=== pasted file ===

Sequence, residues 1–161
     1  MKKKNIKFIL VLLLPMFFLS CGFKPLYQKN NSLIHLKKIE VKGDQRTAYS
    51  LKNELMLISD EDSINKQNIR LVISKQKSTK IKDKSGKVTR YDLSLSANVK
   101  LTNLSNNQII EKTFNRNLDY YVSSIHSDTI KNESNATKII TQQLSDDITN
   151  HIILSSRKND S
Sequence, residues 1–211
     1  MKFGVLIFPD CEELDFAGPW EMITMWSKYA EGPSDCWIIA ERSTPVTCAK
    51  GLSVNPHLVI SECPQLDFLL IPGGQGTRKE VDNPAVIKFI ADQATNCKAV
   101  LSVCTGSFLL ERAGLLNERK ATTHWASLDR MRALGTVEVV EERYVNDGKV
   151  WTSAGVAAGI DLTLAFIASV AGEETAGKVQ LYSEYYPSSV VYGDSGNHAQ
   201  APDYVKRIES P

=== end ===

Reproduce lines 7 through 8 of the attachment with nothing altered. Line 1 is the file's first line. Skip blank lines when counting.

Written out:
     1  MKFGVLIFPD CEELDFAGPW EMITMWSKYA EGPSDCWIIA ERSTPVTCAK
    51  GLSVNPHLVI SECPQLDFLL IPGGQGTRKE VDNPAVIKFI ADQATNCKAV